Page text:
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Sep 10, 2013

Labor bloodletting continues over Kevin Rudd legacy

Labor frontbencher Craig Emerson's attempt to blacken Kevin Rudd's name has met with savage criticism from some sitting Labor MPs.

Kevin Rudd

Key Kevin Rudd lieutenants have rounded on former frontbencher Craig Emerson’s slapdown of the Honourable Member for Griffith, telling Crikey the two-time PM saved the party from electoral oblivion and should be respected.

Emerson, Julia Gillard’s former partner, told the ABC last night that Rudd should quit politics for good after Labor’s defeat in Saturday’s election: “Anyone … who is so hell-bent on revenge, who is so destructive, as to depress the Labor vote in the 2010 election shouldn’t be rewarded for that sort of behaviour,” Emerson said.

“He came back as prime minister, the election was a disaster for Labor and Kevin Rudd’s continuing presence in the parliamentary Labor Party will see him do what he has always done, and that is willingly, wilfully, recklessly, destabilise Labor leaders.”

The Whyalla Wipe Out performer was responding to a confirmation from Victorian ALP Senator Kim Carr that Rudd would see out his three-year term as a federal MP.

NSW Senator and former parliamentary secretary for homelessness Doug Cameron hit back at Emerson this morning, telling Crikey he was wrong and Rudd critics were intent on prosecuting personal grudges and conspiracy theories. “This lack of respect and personal animosity and lack of courage from some people that didn’t take these issues up with Kevin Rudd when they were in senior ministerial positions just leaves me cold,” he said.

“I take the view that we need to move on from this. And the issue for us is to become a strong effective opposition and all my energies are about that and not relieving some personal slight or some conspiracy theory from the past.”

If a byelection were held in Griffith tomorrow, the Labor candidate would likely lose to popular LNP candidate Bill Glasson, further reducing the party’s representation when every seat will be crucial in the lead-up to the 2016 election.

Cameron said a return to the polls in Griffith so soon after the election would be a ridiculous outcome: “I don’t think we need a byelection at the moment. On a pure political analysis why would Labor want a byelection in a seat that was held?”

And Rudd was successful in saving the party’s political furniture, as promised, estimating around 20 lower house seats were saved. “The former Prime Minister should be treated with a bit of respect. I am of the view that he has put a 5 in front of our number of House of Representative seats, rather than where we were heading with a 3 in front of it,” Cameron said.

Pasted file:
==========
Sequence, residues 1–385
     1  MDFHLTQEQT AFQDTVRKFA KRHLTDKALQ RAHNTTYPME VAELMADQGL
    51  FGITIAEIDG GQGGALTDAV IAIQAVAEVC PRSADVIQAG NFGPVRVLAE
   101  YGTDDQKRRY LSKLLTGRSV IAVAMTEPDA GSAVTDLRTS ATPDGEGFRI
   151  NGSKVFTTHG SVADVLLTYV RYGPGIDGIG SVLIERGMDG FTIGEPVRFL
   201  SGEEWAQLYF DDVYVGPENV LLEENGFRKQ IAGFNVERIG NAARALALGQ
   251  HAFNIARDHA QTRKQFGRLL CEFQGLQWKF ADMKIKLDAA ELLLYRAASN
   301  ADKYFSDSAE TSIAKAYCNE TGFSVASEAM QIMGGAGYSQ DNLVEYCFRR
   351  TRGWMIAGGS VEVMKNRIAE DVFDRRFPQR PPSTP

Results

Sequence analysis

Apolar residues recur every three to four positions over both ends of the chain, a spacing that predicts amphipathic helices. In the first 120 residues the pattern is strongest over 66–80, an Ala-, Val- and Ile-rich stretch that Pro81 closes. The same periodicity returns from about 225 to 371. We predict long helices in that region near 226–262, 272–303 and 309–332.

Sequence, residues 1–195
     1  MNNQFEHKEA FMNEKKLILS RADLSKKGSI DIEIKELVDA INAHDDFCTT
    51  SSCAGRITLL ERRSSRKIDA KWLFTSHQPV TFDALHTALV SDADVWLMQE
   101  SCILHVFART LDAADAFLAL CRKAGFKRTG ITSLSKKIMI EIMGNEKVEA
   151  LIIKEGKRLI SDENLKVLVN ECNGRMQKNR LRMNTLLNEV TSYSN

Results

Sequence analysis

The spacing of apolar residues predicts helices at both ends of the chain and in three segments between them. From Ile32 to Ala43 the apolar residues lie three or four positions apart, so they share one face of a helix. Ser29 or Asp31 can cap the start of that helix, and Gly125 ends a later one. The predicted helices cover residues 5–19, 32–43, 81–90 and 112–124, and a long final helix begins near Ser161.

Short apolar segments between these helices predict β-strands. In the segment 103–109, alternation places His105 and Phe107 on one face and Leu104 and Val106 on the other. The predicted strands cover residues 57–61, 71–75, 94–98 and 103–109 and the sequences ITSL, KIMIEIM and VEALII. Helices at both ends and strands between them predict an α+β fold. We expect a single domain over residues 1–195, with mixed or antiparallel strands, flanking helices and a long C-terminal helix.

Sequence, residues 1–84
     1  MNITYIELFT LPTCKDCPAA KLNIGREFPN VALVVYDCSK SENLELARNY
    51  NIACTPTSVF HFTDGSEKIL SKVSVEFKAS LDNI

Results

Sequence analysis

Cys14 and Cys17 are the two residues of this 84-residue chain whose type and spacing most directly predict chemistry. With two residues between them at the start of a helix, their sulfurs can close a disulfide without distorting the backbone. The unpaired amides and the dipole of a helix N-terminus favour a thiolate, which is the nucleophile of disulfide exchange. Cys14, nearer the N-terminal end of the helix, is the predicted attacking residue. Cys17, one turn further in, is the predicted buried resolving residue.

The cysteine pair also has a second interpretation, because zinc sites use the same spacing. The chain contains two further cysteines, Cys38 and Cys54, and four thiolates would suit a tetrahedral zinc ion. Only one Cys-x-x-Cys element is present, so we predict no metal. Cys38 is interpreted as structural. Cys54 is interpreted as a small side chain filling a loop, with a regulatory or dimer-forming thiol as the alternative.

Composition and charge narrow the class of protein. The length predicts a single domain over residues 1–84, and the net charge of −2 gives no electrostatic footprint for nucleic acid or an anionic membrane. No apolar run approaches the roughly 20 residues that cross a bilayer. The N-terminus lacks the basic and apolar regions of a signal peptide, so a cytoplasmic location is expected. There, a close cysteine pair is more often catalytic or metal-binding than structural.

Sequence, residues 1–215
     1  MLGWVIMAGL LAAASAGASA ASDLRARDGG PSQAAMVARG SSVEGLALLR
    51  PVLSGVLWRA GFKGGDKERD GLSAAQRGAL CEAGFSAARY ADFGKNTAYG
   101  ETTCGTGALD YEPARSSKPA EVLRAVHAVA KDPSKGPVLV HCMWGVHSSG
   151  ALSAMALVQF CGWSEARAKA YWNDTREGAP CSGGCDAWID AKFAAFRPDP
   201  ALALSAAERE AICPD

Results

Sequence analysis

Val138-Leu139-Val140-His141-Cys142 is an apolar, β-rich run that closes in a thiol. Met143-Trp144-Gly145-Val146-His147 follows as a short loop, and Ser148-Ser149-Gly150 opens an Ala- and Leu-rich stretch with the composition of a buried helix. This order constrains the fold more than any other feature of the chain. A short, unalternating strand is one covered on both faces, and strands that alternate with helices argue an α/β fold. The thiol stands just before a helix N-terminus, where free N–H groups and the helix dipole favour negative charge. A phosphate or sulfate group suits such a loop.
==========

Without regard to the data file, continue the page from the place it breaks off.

Holt MP and former Rudd parliamentary secretary Anthony Byrne also slammed Emerson’s prime-time appearance: “it was a very unhelpful intervention by Mr Emerson last night … public character assessment is a very dangerous business. I think the public has heard enough about the internal machinations of the Labor Party to last a lifetime.”

Bruce MP and key Rudd numbers man Alan Griffin said the blame should be spread evenly and no one should be singled out: “Everyone in the party has to take responsibility for various events that have occurred. No one is blameless. We also have to properly consider what has taken place and evaluate it thoughtfully.

“I can understand why people can react out of anger, but we all need to consider the facts to understand the lesson of the past so we can get the future right. I don’t agree with Craig’s interpretation but I think he raises some issues that people need to think about.”

There is likely to be an outbreak of extreme bloodletting in coming weeks as Labor moves to dislodge pent-up angst among the caucus who will be looking to get the shit off their livers.

It hasn’t been just Emerson keen on attacking the reputation of sitting MPs. Gorton MP and Gillard loyalist Brendan O’Connor, rumoured to be stepping down himself sometime during this term of parliament, took to the airwaves this morning to take a knife to Australia’s 26th prime minister. He told Sky News’ AM Agenda program that Rudd must “contemplate” sacking himself: “If you have a former prime minister sitting in your party room, on the backbench, that spectre looms large … it’s in the best interests of whoever is the leader for him to contemplate leaving.